There are quotes about leadership all over the Internet. Your employer probably has a few posted in the office. We look to leaders for inspiration, direction, and drive in our government, workplace, churches, and households. We have this misconception that leaders are bold, outspoken, and easy to follow. However, great leaders can also be introverts who are more reserved and lead from behind-the-scenes. You don’t have to seek the limelight to be a great leader. Nor do you have to work from the shadows modestly. Leadership is a skill and requires balance. Some are quick learners and others may need more practice, but everyone has the potential to influence others.
So if everyone can do it, why don’t we have a world full of visionary leaders? Let’s look at the workplace to answer that question. According to the American Labor Force, Millennials are the largest generation in the U.S. labor force, let’s check out some Millennial stats.
Just 27 percent of Millennial men and 21 percent of Millennial women describe their leadership skills as strong. Overall, only 24 percent of Millennials consider this their strongest skill upon graduation. But when it comes to landing a job, 39 percent of all Millennials think businesses see leadership skills as the most valuable skill among employees; they are not wrong.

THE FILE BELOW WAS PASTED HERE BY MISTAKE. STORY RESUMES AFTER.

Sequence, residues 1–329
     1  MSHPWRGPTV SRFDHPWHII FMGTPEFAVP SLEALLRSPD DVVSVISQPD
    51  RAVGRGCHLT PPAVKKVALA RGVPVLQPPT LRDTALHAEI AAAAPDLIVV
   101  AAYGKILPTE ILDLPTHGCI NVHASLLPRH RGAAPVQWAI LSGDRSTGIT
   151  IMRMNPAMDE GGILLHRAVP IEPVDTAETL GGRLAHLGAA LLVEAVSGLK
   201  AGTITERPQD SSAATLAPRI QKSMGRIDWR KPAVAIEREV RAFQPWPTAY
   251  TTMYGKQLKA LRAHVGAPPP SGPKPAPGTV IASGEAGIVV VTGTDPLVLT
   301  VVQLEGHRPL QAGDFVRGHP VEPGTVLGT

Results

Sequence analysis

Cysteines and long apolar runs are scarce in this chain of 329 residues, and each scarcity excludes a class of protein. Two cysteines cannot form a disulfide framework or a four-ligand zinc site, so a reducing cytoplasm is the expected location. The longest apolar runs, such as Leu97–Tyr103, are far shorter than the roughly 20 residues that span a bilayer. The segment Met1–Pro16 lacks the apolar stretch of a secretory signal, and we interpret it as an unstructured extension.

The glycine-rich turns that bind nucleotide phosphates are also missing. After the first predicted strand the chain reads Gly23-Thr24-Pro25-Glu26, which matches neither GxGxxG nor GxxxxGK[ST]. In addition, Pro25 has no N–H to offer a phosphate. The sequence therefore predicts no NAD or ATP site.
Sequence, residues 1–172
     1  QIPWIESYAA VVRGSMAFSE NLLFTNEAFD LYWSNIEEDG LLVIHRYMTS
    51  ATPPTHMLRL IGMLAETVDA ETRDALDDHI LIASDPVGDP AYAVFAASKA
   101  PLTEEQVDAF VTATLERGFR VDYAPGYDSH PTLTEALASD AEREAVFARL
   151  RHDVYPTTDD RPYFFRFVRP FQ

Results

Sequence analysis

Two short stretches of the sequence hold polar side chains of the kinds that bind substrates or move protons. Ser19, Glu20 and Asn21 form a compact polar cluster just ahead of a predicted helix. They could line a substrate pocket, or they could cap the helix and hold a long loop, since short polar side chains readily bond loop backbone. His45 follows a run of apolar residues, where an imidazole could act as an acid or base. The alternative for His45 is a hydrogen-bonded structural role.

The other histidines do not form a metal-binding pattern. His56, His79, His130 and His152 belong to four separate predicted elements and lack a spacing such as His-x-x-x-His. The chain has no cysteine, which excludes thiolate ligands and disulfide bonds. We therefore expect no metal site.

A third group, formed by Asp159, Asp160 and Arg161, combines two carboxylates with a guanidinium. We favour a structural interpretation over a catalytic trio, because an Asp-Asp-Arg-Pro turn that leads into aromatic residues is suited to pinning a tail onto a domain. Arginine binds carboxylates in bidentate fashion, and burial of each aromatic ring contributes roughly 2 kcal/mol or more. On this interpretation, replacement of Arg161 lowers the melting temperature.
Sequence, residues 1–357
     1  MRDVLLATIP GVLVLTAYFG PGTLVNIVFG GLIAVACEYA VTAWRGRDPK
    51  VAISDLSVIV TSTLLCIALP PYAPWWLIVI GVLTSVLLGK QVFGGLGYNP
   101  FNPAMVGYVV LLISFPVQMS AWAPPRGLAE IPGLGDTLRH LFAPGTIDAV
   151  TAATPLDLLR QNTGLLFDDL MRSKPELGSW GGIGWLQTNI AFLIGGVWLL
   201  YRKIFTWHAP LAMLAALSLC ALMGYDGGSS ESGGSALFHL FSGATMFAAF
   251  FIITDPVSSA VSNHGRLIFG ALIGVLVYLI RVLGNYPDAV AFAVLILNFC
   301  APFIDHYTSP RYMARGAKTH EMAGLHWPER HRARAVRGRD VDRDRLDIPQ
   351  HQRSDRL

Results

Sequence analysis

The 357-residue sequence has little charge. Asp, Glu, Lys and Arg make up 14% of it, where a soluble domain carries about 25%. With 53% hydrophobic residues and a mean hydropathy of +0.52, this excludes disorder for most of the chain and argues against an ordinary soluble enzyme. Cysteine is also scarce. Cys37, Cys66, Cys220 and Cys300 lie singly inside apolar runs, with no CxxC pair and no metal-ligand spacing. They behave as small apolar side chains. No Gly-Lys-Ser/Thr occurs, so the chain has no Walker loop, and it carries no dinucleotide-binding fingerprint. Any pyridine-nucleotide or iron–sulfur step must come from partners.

The truth is, employers are looking to find leadership qualities in all job candidates. Eighty-three percent of organizations say it is important to develop leaders at all levels, but only 5 percent have fully implemented development at all levels. According to NACE’s Job Outlook 2016 survey, when reviewing resumes, more than 80 percent of employers said they are looking for leadership skills. So, if many people do not feel confident with their leadership skills, but they know that is what employers are looking for, it then falls onto the employer to develop these leaders. But how?
Even today, many companies do not give their employees opportunities to grow into leaders. A study by CareerBuilder.com shows that 26 percent of managers said they weren’t ready to become a leader when they started managing others. In that same study, 58 percent of managers said they didn’t receive any management training. That means that over half the managers in the workforce get promoted because they are good at what they do and not necessarily good at making the people around them better. These statistics show us the difficulties our workforce is facing: Our leaders have not been appropriately trained to lead. If companies want to grow their employees into leaders, a quote or two is just not going to cut it.
Today’s workforce shows a need for leaders and most do not come into the job with this skill. Probably more than ever before, we are dealing with a dire need for leadership training in today’s workforce. If you have them, leadership skills can get you the job. If you get training to develop them, leadership skills can get you the raise or that shiny new position in the corner office. It seems that leadership is the top of employers’ skill list making it look as though leadership is the new black.
Employees: Look for those leadership training opportunities and use the skills you gain. Your employer will thank you for it.
Employers: Offer skills training often and allow your employees to show you what they learn. Your employees may surprise you.
Leadership training can help employees grow into their roles as well as empower others to do the same. Want to talk to an expert on how to incorporate leadership training into your L&D goals? Schedule a consult today!